What investments does Hood think an operation should be making to increase processing quality? 

She shares, “Modern equipment, automation and technology, quality control systems, water recycling systems, environmentally friendly detergents and chemicals, training/skill development, inventory management systems, data analytics, and customized solutions.”


Angie Ringling, owner and president of Spin Linen, an independently owned linen rental company in Omaha, Nebraska, points to one key issue in the quality drop laundry operations experienced over the past few years.

“Staff was just not engaged in owning the quality piece,” she says. “There just was a real drop in caring after COVID.”

At Spin Linen, Ringling says goods going through a bagger was probably the worst drop in quality the company experienced.   

“Operators would walk away from the workstations because the machine would operate itself,” she shares. “They weren’t paying close attention to quality.”

Ringling says that customers have been frustrated by the drop in quality.

She says, “Some customers have accepted the new norm that the pre-COVID expectations just have not been able to come back.”

When it comes to a laundry analyzing the quality of its processing, Ringling says it has to be done at the operator level.

“You have to have operators who will take the time to monitor,” she points out. “It’s hard given the amount of productivity they are trying to achieve.  

“Training, training and more training of staff is key. You have to always have quality top of mind and top of priority with leads and management watching for it.”

Ringling adds, “A really good chemical partner is also key to keeping the rejects down.”

She concludes, “A lot of quality measures still come at the human capital level. There are some equipment options that can help locate deficiencies. However, nothing I’ve seen can detect better than a human still.”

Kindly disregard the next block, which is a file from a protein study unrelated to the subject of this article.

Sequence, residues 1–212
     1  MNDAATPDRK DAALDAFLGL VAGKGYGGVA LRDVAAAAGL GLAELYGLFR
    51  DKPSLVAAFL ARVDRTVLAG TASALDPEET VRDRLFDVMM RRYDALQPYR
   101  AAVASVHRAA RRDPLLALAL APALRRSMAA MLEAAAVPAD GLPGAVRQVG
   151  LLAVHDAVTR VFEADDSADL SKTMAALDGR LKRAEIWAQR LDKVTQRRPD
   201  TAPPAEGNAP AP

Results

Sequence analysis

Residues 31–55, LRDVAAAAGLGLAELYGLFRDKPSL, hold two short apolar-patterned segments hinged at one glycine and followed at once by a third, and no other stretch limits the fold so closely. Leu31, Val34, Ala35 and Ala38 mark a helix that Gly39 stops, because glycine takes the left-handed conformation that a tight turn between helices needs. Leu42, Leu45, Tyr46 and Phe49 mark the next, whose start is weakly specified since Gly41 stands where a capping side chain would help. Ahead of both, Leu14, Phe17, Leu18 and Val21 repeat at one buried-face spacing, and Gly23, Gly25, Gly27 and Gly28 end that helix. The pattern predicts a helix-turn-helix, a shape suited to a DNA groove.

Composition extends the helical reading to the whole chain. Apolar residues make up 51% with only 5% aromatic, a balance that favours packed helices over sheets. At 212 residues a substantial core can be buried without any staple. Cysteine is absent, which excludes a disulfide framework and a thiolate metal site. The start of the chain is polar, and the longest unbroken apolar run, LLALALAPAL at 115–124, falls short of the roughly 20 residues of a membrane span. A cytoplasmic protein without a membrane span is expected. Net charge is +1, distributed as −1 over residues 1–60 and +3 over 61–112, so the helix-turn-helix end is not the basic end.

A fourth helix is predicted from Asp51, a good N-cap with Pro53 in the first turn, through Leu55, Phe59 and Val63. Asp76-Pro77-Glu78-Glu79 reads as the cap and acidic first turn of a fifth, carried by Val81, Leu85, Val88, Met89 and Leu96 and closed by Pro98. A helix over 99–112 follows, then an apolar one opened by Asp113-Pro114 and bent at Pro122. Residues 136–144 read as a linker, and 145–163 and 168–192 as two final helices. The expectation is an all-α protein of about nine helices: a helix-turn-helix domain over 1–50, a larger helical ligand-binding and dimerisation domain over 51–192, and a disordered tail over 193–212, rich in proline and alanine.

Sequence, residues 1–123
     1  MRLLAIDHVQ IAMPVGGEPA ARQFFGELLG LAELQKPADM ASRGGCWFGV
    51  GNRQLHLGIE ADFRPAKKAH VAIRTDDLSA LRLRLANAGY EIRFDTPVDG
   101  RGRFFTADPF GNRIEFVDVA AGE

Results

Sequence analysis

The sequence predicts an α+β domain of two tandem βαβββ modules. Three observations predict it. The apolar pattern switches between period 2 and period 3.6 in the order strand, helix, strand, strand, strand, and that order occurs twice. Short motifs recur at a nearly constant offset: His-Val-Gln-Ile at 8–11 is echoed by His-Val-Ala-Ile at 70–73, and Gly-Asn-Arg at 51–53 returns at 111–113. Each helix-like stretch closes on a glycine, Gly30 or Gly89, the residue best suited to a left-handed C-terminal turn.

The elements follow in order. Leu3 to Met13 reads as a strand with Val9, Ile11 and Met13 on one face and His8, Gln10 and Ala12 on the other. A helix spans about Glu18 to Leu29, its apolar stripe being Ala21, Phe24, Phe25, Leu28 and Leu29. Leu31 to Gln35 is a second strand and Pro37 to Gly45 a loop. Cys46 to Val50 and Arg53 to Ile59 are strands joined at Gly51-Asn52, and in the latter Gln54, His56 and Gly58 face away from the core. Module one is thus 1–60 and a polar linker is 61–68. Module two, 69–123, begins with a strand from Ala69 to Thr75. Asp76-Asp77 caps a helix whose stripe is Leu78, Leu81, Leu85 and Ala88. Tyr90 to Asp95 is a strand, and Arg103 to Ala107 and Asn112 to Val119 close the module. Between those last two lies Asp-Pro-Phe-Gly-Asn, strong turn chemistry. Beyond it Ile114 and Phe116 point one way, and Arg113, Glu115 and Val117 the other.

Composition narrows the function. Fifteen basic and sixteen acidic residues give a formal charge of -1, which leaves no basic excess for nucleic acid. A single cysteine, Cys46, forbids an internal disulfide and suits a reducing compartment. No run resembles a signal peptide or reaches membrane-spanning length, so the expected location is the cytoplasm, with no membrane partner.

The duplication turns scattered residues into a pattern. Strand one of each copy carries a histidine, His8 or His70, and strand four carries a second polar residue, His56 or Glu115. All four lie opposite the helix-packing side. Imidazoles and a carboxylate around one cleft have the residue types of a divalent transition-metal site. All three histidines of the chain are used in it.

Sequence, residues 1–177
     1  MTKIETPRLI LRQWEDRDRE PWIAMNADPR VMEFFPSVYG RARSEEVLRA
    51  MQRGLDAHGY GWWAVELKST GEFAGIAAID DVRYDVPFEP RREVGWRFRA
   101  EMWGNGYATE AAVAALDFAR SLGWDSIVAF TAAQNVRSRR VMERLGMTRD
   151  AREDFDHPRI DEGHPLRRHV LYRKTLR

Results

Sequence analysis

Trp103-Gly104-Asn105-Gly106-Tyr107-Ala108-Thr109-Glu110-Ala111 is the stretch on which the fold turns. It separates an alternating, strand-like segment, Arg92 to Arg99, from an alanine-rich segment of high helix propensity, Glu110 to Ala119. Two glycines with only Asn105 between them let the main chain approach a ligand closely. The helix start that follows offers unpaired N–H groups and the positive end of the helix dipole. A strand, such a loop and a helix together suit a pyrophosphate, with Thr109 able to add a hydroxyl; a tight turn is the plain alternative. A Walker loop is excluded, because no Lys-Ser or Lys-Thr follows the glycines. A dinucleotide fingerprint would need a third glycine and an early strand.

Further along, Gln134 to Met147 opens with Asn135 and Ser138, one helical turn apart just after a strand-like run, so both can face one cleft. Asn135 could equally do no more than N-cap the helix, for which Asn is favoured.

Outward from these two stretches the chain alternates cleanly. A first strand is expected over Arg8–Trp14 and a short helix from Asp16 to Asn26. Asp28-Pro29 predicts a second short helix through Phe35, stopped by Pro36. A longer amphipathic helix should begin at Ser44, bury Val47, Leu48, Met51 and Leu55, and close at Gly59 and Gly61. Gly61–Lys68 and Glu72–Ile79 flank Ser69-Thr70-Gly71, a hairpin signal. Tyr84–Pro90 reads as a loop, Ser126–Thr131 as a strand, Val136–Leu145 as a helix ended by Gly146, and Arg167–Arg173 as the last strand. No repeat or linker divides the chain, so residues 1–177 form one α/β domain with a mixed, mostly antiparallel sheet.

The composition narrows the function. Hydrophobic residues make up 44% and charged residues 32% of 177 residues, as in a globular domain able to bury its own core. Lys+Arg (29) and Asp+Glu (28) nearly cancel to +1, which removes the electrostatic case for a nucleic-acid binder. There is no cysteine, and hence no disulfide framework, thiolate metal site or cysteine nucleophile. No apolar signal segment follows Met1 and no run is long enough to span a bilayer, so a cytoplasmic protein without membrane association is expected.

When asked how laundries can help ensure quality levels during future challenges, Harry Kertenian, COO-CFO of Magic Laundry Services headquartered in Montebello, California, responds, “With improved technology, training, customer service, and dedicated employees, quality can always be achieved and maintained.”

Hood says, “Enhanced cleaning and sanitization protocols, staff training on health and safety, flexibility in operations, contactless services, inventory management and supply-chain resilience, communication with customers, customer feedback and adaptation, and an emergency response plan.”

Ringling concludes, “You have to stay vigilant on rewash policies, have a good chemical vendor, and management attention to and reinforcement of quality measures that are incorporated into daily routines.”   

Miss Part 1 about overcoming supply-chain and labor issues over the past few years? Click HERE now to read it!

Renewed Focus on Laundry Quality

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Have a question or comment? E-mail our editor Matt Poe at [email protected].